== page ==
I don’t you can write this piece without including the mortgage interest income tax deduction.

    Here in Silicon Valley, where supposedly the smartest of the smart people live, and where the mortgage:rent spread regularly hit over 2:1, you’d be surprised at how many people would say that borrowing as much as you can is a smart way to reduce your taxes.

    Strangely, when I point out, that you also get an income tax deduction for getting robbed, gambling losses, or donating money to charity – and therefore you should do more of those, people think that’s ludicrous.

    But hey, that’s vox populi at work. Any politician who dares to overturn the mortgage interest deduction would immediately lose his job. The people want you to be rewarded for helping the banking industry.


    BR: Because we had the mortgage interest tax deduction for 100 years, and it never caused an issue prior. Hence, it was not the cause of this crisis.

  27. Tubby01 says:

    Would you buy this place for $1Mill AUD?


    You have to pay a stamp duty to the State Government, possibly around $40,000 AUD on the txn.

    Bulli is a suburb that is an outer suburb of Wollongong, which is around 1.5 hours away from Sydney.

    Its obviously very close to the beach, but the area was never a wealthy area as it was mainly used for Public housing and coal miners. However this isn’t uncommon for the area.

    Another interesting blog on the subject:


  28. AG Sage says:

    I can’t follow the Merrill link, but did they happen to mention that during the relatively tiny downturn in 2008 the Canadian banks got a $100 billion bad mortgage bailout from CMHC? Wiser banks? Hardly. In short, Canada has not “missed” anything, they simply delayed the inevitable.

    dss, Stories of 90k earners getting financing for 700-800k have been circulating. As have been copies of flyers from banks assuring people they can get get a cash back deal to cover the down payment, so 0% down is still available and with skip a payment, 40 year amortization was still technically available (until a few days ago,). Also flyers targeting the self-employed assuring them they don’t have to use their tax returns to prove their income. It’s basically a massive redux going on up there, all guaranteed by the taxpayers. Fun times.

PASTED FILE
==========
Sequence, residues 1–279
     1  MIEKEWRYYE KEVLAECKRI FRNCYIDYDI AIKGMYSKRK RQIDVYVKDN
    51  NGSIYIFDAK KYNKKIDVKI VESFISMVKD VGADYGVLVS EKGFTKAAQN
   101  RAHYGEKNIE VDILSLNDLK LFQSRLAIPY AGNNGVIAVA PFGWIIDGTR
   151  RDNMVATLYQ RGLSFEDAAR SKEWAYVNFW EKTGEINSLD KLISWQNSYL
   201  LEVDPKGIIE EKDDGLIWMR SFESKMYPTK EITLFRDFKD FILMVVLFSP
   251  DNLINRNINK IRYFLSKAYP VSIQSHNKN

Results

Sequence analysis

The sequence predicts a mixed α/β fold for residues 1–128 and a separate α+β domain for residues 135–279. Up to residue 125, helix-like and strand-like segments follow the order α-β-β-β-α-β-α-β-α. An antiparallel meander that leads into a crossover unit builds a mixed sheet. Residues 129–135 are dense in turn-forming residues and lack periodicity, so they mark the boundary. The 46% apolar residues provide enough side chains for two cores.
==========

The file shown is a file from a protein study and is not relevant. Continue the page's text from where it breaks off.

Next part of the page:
Thor, they all are ARMs. There is no such thing as a 30 year fixed rate mortgage. (Or in the case of the “housing rescue” circa 2006-2008, 40 year (0% down baby!)). Those 40 year zero down mortgages issued during the liquidity dump are going to start adjusting this November. The extent of the house of pain is going to be determined heavily by the interest rates at that time. Those borrowers paid down barely any principal and could get stung badly by payment increases. Imagine, an entire country of teaser rate mortgages (given how aberrant current interest rates have been compared to the long-term average).

    On April 18th, CMHC is pulling their insurance backing of HELOCs. Every year roughly 20% of owners have taken out 45k in equity and up until next month that was all guaranteed by CMHC, so one might guess they have been easy to get. Households in BC have been running a negative savings rate for years. With their equity take-out crimped, I expect distressed sales will start entering the market.

  29. takloo says:

    Having a sound mortgage market structure/framework is not sufficient to prevent a bubble…

    Owner/investor psychology is the same everywhere!… my family tells me house prices always go up… in the very long run (10+ yrs) that might be true but with the unusual rise in of the last 5 years I doubt the recent increase is sustainable

    Even though government has changed rules twice in one year, banks and real-estate brokers blatantly circumvent the rules… min. down payment is 5% but banks will give you another loan to cover this 5% and u get 0% down!…

    i was looking to buy a house since early 2008, those same houses are well over 30% more 3 yrs later, prices in some suburbs of Toronto are up 10% in the last 6 months!

    I finally caved in and bought a house last week… but I was and am still bearish on Canadian RE for a while – I frequently write about Canadian RE


    I dont think it is a bubble but the pace of increase is not sustainable… some key metrics (price/rent, price/income, etc) are above trend/average but not truly out of whack…